Hey everyone, Kayoko here again, sitting in for Yoko this week.
I'm pretty broke these days, and haven't been eating out much. Plus, it's cold out-- I mean, the Bay Area isn't as cold as London/ Tokyo/ Copenhagen/ NYC, but still, it's pretty chilly for us Californians (low hi 52˚F/ low 42˚F, today. Sorry Snow Martians, but you're missing out! Move out here with me and Yoko! We lose to Bryan down in São Paulo however. Ha).
So I'm trying to cook more, while being more mindful of my finances and food shop on the cheap. (WHO AM I?). And I can't think of a more economical yet heartwarming dish than Hideko's korokke (as you know Hideko is my super fierce mama).
Weirdly, I didn't LOVE korokke growing up. Unlike my brother who goes to town on Hideko's typical Japanese home cooking-- korokke, curry, omurice--I always took it for granted. Plus, I was never a huge fan of potatoes. Potato salad, blegh. My palette was always super princessy, I suppose. (Er, not as princessy as Yamahomo's).
But this is all changing lately, as I'm starting to constantly crave these sort of home cooked dishes. Read: they must be cooked AT HOME. It's not the same when you get them at the store, premade and frozen, or order it at a Japanese restaurant. Each korokke patty must be hand-built with tender love + care.
Seems that my palette is changing, my spending habits are changing, and I am getting SUPER CHEESY as I age. Save me.
3 potatoes (these are the smallish Yukon Gold)
1 carrot (these are these lovely small purple ones I found at the farmers market. Super sweet)
1/2 large yellow onion
1/2 packet of panko (Japanese bread crumbs)
Salt + pepper to taste
Optional: ground pork, about 1/5lbs.
Yield: 6-8 medium sized korokke
Seriously folks, the above ingredients cost about $4 in total. Umamimart Recession, holla!
Start preparing rice using Yoko's technique. This takes several steps, so you need to make sure to do this ahead of time if you want a bowl of rice with your korokke.
Boil potatoes with the skin on. Hideko swears that by not peeling the potatoes first, it captures the umami factor and makes them taste better. Be forewarned, however, that it takes a very long time for the potatoes to cook thoroughly (about 20-30 minutes). If you're in a time crunch, peel and dice potatoes, then boil.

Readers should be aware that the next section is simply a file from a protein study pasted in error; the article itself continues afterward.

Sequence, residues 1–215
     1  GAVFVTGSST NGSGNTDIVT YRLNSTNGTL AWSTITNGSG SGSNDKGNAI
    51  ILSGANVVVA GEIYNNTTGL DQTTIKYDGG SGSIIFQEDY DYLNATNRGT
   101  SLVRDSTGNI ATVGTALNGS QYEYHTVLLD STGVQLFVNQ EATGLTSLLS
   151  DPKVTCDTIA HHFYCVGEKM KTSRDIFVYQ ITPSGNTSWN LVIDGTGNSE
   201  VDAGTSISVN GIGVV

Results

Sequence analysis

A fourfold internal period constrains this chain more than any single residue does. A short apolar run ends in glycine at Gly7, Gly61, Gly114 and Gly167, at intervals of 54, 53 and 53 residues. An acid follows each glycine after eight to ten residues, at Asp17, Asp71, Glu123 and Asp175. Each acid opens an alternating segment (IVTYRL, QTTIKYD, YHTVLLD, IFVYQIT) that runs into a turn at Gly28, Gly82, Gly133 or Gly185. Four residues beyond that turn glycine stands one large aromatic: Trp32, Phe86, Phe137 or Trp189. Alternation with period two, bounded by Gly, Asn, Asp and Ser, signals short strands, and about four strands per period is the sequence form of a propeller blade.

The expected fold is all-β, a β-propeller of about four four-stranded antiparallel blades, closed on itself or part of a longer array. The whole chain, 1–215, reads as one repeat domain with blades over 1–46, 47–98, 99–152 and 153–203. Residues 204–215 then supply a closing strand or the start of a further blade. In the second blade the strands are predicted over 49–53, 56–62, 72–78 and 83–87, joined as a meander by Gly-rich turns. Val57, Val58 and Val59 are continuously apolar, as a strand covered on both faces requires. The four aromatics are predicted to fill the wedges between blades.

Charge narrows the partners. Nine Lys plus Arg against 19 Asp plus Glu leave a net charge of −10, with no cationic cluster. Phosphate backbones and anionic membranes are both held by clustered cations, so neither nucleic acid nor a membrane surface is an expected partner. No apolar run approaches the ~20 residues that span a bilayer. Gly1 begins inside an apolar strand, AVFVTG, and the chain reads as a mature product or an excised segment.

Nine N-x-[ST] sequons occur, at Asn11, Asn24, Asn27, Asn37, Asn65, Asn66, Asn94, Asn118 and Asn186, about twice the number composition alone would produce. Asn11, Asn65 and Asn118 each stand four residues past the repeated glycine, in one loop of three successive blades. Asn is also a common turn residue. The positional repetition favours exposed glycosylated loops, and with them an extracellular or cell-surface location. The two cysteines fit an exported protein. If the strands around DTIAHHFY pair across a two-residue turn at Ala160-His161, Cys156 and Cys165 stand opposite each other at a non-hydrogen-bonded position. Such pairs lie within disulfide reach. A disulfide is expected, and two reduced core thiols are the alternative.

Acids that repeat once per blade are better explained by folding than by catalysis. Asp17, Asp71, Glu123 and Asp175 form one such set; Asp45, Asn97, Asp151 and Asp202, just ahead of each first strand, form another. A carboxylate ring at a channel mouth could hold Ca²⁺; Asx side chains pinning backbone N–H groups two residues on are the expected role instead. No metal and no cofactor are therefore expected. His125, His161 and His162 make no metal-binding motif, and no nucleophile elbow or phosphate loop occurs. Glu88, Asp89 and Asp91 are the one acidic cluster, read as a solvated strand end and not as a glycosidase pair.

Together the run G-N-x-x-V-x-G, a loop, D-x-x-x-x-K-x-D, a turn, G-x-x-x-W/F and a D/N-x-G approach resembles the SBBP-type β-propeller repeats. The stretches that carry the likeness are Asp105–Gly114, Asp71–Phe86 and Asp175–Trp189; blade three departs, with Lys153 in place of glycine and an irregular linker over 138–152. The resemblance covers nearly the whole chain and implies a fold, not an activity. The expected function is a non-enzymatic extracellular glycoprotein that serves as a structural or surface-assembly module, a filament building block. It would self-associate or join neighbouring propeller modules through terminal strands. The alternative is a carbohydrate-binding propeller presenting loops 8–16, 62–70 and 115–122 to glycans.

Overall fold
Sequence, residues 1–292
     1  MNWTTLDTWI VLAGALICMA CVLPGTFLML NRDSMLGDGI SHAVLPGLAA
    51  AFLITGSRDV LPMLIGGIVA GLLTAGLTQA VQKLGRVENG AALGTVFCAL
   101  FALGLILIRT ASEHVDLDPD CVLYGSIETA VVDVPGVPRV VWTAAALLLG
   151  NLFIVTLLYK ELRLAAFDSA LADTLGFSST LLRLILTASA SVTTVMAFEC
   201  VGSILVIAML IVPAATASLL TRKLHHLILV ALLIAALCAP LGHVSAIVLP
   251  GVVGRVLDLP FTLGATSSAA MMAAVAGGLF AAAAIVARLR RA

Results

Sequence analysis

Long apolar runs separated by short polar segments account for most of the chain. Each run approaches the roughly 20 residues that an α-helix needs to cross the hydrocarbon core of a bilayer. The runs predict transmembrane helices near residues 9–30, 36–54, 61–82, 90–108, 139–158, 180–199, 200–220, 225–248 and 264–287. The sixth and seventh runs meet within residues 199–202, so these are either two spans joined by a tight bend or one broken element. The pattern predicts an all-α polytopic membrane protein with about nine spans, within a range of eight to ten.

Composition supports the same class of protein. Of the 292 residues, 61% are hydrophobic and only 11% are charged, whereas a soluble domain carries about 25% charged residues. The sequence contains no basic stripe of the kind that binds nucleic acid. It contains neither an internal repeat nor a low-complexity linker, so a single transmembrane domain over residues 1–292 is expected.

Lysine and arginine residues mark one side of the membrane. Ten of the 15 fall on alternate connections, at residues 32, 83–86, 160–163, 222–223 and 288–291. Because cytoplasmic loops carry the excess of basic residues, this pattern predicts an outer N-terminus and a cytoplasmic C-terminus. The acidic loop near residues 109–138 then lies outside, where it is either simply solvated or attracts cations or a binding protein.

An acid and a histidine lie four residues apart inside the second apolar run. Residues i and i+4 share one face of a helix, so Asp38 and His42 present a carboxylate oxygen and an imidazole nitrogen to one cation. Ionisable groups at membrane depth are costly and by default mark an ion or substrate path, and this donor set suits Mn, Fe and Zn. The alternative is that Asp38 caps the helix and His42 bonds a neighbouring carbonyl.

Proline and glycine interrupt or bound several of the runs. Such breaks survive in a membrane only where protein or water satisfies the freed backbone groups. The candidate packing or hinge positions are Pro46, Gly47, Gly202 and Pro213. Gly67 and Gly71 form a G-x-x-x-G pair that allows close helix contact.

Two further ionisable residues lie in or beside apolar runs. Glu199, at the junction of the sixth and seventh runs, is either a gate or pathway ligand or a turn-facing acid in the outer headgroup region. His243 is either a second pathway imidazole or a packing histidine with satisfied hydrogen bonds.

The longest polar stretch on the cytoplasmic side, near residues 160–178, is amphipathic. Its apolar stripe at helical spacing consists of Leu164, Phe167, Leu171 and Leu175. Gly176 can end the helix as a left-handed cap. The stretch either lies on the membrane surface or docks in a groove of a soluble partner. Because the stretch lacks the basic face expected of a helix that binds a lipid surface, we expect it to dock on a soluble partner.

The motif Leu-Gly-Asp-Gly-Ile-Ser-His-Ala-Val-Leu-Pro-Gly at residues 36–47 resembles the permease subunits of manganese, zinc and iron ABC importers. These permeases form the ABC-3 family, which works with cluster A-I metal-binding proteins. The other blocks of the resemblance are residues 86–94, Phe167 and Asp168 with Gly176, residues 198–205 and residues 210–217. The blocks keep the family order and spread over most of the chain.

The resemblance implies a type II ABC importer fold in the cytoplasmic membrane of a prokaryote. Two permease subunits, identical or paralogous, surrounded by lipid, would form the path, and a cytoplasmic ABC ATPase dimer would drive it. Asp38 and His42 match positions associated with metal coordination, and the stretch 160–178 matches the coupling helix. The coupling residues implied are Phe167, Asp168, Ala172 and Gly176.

While the potatoes are boiling, dice onions and carrots. Then, sautée altogether with the ground pork. (Pork is optional, if you want to keep it vegetarian. You can also use ground chicken or beef here, but Hideko says pork is the best).
I kept poking the potatoes with a chopstick until it was thoroughly cooked through. This probably ruined the umami factor. Oy. Again, be prepared for this to take up to 30 minutes.
Drain potatoes and let them cool off a bit. Then, peel with your fingers. Should come off easily.
Slice potatoes through with a fork. Add salt and pepper to taste. Mash together.
Add onion/carrot/pork mixture to the potatoes.
Mix together well.
Prep your dipping station with panko, some flour, and egg.
Start shaping the potato mixture into a small circle or oval.
Cover all sides with flour.
Dip into egg, coat all sides.
Coat with panko.
These steps are NOT EASY! The potatoes were so soft and mushy, almost creamy, so it really fell apart in my hands right away. This may have been the potatoes I used-- I may need to try out a starchier potato next time, like the ordinary Idaho potato.
So you'll need to play around with this and figure out how big you want the korokke to be, and what works for you in keeping the shape. Look at all my different shaped korokke!
I had some bacon grease, so I added that to a frying pan.
I actually have a fear of deep frying (cue commercial for the Cornballer), so I didn't add very much oil in the pan that would really constitute "deep frying". This, I would learn, was a big mistake.
Below this is the second deep frying round-- you can tell by all the burnt bits from the first round. Er, not that successful. Let's just say that they ended up looking more like potato latkes.
After the second round, I had only yielded two photographable korokke, out of six. They were all either burnt, misshapen or had fallen apart. I toughened up and added a healthy amount of oil into my cast iron pot.
Here's a video of the frying method. Yamahomo, don't laugh at me!
So that one sort of fell apart on the bottom, but I did fix it by coating that part with another layer of panko and sticking it into the oil again. It worked (although pretty misshapen).
Per tradition, julienne cabbage and serve alongside korokke. The Japanese serve cabbage with anything deep fried with panko-- korokke, tonkatsu, oysters. Something about balancing out the oil and digesting it better?
Would Hideko approve of these? Hmmm, probably not. The color is uneven and the shapes are all over the place. I mean, you couldn't sell these in a restaurant, so props to her for making them every week for Sushi Kuni.
But it's not bad for my first time, right? Like Yamahomo's battles, I will keep trying to perfect these. Next time I'll use a different kind of potato, and maybe add some curry powder (curry korokke being another childhood dislike that sounds awesome these days).
Don't forget the tonkatsu sauce! Buon appetito!
PS: Hideko wanted me to mention that if you plan to make these and immediately freeze them, double the amount of eggs, and make sure to generously coat with that and panko. That is all.